Theater Review: The Promise of Justice Theater Project's Porgy and Bess Shines Through the Struggles of Late Personnel Changes | Arts
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Thursday, June 22, 2017

Theater Review: The Promise of Justice Theater Project's Porgy and Bess Shines Through the Struggles of Late Personnel Changes

Posted by on Thu, Jun 22, 2017 at 4:11 PM

click to enlarge PHOTO COURTESY OF THE JUSTICE THEATER PROJECT
  • photo courtesy of the Justice Theater Project
The Gershwins' Porgy and Bess
★★★
Through Sunday, June 25
Umstead Park United Church of Christ, Raleigh


When a lead singer is forced to bow out of a performance due to a family medical emergency, we try to catch the show at a different time. But in regional theater’s busiest June in years, there was no other option for Justice Theater Project’s version of The Gershwins' Porgy and Bess.

The good news is that understudy Juan Isler blossomed in the role of Porgy, the good man of Catfish Row, during last Sunday’s matinee. His mellow baritone evoked tender sentiments in “Bess, You Is My Woman Now” and a jocund take on “I Got Plenty of Nothing.”

Isler's contributions seamlessly fit in with the top-rate talents of the operatic Connie McCoy (as Clara) in the haunting opening number, “Summertime;” the luminous, vividly emotional Terra Hodge (as Serena); and Danielle J. Long (as Bess), whose smoky soprano enriched numbers like “I Loves You Porgy.”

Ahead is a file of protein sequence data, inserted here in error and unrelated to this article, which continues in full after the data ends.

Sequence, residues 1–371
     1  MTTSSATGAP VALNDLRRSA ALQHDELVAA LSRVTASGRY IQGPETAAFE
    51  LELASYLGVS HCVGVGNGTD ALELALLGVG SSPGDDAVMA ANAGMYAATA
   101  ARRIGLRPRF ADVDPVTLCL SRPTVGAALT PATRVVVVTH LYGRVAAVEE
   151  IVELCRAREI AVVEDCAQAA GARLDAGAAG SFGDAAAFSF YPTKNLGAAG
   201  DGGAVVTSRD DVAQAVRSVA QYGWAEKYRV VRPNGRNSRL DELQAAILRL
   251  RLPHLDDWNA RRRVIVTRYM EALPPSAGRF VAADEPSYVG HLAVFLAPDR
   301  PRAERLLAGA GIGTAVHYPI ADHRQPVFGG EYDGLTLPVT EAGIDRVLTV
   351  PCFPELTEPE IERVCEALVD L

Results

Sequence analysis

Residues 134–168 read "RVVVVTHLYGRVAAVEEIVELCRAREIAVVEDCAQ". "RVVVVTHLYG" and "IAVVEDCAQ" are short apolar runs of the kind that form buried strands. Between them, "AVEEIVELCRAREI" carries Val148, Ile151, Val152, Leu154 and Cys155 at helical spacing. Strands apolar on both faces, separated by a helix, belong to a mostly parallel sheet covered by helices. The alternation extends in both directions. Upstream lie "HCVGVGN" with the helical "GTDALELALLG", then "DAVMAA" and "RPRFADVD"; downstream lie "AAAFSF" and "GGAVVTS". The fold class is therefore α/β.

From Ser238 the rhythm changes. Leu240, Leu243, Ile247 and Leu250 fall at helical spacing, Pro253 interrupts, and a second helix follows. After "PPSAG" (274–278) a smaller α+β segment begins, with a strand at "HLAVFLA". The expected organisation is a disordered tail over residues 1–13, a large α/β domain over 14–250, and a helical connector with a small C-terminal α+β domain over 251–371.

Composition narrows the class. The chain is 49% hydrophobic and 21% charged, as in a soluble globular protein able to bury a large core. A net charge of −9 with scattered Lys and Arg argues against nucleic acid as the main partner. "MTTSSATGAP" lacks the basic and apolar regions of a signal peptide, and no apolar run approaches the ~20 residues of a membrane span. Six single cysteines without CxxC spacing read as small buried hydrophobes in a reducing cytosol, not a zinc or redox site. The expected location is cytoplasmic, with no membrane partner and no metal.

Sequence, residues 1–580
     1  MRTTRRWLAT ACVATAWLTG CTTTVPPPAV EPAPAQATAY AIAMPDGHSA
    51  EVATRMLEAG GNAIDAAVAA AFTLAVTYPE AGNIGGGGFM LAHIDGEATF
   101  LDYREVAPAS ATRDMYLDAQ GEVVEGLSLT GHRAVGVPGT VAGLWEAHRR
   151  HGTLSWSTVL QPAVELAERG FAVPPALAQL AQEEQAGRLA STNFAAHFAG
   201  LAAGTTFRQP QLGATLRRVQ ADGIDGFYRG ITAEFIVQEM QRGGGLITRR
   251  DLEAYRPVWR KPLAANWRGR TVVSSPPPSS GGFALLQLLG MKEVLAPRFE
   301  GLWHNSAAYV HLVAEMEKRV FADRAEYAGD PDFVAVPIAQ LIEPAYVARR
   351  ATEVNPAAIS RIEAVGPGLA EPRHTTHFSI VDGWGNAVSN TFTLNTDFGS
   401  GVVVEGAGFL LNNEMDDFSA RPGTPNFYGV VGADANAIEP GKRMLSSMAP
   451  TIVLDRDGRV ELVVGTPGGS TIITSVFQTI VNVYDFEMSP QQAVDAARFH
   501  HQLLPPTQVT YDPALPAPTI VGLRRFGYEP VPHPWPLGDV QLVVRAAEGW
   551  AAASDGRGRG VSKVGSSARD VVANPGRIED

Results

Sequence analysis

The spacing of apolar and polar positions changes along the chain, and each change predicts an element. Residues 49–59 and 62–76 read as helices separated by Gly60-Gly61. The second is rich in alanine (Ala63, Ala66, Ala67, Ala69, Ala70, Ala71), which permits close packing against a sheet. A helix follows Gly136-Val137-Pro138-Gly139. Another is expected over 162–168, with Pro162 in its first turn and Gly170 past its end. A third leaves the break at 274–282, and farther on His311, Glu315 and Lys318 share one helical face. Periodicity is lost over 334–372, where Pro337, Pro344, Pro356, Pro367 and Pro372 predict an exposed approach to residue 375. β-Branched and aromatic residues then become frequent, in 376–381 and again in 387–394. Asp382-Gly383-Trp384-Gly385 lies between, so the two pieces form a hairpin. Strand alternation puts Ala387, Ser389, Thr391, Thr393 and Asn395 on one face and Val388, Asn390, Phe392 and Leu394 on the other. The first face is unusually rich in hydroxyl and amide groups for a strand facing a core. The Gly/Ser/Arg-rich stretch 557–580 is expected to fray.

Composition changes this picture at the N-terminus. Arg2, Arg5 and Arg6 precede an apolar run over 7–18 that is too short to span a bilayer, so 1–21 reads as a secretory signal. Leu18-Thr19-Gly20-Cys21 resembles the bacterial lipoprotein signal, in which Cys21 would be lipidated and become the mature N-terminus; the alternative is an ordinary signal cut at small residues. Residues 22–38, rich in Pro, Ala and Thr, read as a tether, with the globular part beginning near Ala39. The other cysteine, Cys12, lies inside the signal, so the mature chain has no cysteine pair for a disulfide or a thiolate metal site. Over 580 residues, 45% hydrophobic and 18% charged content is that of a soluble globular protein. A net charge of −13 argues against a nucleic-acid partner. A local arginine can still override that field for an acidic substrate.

Unfortunately, the show’s six-piece band repeatedly had trouble keeping up with them. This is likely the result of a late change in musical direction; Ronzel Bell took over the week before opening. Ragged work during the first act’s overture was the first sign of troubles to come in numbers including “Leaving for the Promised Land,” “There’s a Boat That’s Leaving Soon,” and others.

Still, Sheldon Mba and Aya Wallace’s choreography popped on a richly textured two-story shantytown set of tin roofs, second-hand wood, and Spanish moss. Under the direction of Deb Royals, riveting actor Chase Rivers made the villainous Crown nearly as large as the hurricane he braves in the second act. And JaJuan Cofield gave a slick, stylish menace to gambler Sporting Life, who seduces Bess into shunning a virtuous life she’s found. The voices were strong, but the band still clearly needed more rehearsal to reach the level of achievement in the rest of this promising production.

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